In Unified Service Desk for Microsoft Dynamics CRM we have a concept of an event timer. In this post I will explain how this works with an “annoying” example.
Two actions are involved in this example, StartEventTimer and StopEventTimer.
Firstly, let’s consider when you might want to use these actions, the concept here is that an event is going to be repeatedly triggered every “n” milliseconds. This could be used to do all sorts of things, one example being to refresh a tab. I have a tab which shows announcements, I could use this approach to refresh that tab to show the latest announcements every few seconds.
By way of an example I will actually create a very annoying example, I am going to popup an “Hello World” message every 8 seconds.
First of all, I needed to create an event to trigger. I called mine “TimerEvent”. I would then attach an action to that event. My event is shown below. To create this I simply loaded my global manager hosted controls went to events and added a new one. I just needed to give it a name of “TimerEvent”.
You can see above that I added an action to my newly created event. For the purpose of this example this was a display message action. (You could do something much more interesting!) My hosted control was CRM Global Manager and my action was DisplayMessage. Notice that I set the text of my message to “Hello World Again!” and my caption to [[count]].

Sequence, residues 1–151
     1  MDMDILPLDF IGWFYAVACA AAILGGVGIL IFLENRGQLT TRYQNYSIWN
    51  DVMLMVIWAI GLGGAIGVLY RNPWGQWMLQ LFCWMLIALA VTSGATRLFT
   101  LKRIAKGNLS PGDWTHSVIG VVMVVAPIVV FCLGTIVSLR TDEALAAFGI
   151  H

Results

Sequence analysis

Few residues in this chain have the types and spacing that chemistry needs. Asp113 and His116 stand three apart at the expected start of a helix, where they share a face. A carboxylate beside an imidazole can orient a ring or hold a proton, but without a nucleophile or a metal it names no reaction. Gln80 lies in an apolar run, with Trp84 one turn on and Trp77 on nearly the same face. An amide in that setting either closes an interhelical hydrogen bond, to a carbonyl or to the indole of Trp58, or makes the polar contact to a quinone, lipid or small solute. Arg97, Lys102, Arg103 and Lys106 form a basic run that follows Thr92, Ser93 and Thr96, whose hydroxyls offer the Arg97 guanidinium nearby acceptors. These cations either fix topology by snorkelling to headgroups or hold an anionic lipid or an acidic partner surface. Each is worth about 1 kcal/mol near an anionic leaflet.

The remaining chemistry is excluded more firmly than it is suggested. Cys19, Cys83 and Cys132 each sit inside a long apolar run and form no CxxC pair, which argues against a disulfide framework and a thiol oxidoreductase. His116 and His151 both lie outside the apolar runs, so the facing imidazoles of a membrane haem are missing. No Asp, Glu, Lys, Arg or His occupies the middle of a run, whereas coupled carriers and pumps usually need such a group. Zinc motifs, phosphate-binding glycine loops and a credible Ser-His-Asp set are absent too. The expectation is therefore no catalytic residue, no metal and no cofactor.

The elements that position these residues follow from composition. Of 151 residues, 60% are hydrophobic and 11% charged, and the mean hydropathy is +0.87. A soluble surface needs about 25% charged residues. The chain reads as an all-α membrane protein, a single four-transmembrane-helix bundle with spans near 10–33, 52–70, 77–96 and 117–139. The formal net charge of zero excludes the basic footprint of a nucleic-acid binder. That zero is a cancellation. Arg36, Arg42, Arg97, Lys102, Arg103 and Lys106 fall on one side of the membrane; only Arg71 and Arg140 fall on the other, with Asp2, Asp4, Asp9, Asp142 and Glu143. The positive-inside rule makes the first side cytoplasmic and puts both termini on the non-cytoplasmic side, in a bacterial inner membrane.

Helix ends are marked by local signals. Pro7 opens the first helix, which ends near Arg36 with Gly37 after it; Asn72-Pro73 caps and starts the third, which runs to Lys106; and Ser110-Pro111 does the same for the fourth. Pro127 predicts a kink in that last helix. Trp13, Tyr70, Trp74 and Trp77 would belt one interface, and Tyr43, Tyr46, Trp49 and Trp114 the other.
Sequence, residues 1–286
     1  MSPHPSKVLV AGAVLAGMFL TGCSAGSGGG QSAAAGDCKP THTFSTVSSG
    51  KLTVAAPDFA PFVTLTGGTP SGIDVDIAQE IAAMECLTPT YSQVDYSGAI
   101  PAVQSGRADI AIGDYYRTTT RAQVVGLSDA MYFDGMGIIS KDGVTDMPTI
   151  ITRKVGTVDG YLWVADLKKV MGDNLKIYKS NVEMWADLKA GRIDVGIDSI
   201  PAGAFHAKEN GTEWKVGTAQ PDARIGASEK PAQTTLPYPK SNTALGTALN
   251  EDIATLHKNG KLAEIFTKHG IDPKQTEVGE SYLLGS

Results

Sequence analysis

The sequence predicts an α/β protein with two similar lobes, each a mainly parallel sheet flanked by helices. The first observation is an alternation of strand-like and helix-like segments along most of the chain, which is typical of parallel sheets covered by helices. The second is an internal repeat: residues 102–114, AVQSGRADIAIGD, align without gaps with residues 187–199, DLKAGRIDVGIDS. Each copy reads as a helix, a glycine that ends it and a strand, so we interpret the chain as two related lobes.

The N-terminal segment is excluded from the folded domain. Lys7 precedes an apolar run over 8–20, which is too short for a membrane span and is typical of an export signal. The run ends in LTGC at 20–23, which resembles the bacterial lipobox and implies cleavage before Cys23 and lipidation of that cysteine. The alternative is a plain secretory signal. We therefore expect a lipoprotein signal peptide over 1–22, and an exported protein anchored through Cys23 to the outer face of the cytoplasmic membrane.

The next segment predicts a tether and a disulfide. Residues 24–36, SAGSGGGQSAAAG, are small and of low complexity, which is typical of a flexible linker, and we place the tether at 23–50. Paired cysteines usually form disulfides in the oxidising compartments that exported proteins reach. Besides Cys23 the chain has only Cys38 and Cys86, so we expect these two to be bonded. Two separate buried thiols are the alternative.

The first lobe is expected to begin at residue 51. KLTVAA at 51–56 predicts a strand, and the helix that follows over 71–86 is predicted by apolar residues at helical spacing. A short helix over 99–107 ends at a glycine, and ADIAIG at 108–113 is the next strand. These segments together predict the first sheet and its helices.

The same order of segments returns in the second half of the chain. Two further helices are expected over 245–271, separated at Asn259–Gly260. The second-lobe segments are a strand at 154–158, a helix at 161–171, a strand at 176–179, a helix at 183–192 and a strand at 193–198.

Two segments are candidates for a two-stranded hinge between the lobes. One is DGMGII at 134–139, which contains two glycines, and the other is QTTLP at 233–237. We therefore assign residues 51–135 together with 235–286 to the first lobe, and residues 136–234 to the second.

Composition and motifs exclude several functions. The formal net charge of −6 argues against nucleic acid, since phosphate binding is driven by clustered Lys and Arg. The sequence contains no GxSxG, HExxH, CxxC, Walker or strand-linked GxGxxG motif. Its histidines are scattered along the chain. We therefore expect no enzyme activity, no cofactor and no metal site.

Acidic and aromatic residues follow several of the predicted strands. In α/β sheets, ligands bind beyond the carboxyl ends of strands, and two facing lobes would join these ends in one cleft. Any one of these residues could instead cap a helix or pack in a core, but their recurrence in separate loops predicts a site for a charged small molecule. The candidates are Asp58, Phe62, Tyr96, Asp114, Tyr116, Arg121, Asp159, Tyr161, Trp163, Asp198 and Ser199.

Next I needed an action to start my event timer, in my example I was going to start this from the debugger. If however we think of my suggestion to use this to refresh a tab then I would have started the timer on the BrowserDocumentComplete event of my announcement tab.
My event timer looked like this ….
|Name||Could be anything, I called mine “CRM Global Manager – StartEventTimer”|
|Hosted Control||CRM Global Manager|
milliseconds=<<number of milliseconds between event calls>>
name=<<The name of this timer>>
Naming the event is useful as you could create multiple timers.
Naming the timer is useful, as we can then reference this in a stop action.
Next I loaded my debugger and started my annoying example. Please think of a better use than this!!! J Below you can see that my action was executed and my message started to popup every 8 seconds. Lovely!
Also notice the title of my popup box. This is a counter that increments each time the event is run. The replacement parameter for this is [[count]]. I imagine this might be useful if you want to fire an event “n” times. Also notice that the counter starts at zero.
Now we have another IMPORTANT action to look at StopEventTimer, this simply included the name of my timer in the data portion. One point here is that it seemed to stop another timed event starting. Meaning, if after 4 seconds I fired a StopEventTimer and my event is happening every 8 seconds. I get one more event triggered before it stops.
This example has been pretty annoying and not very useful! But hopefully you get the idea that we can start and stop timers to repeatedly trigger events in USD. Something that will be very useful if you want to repeat any action.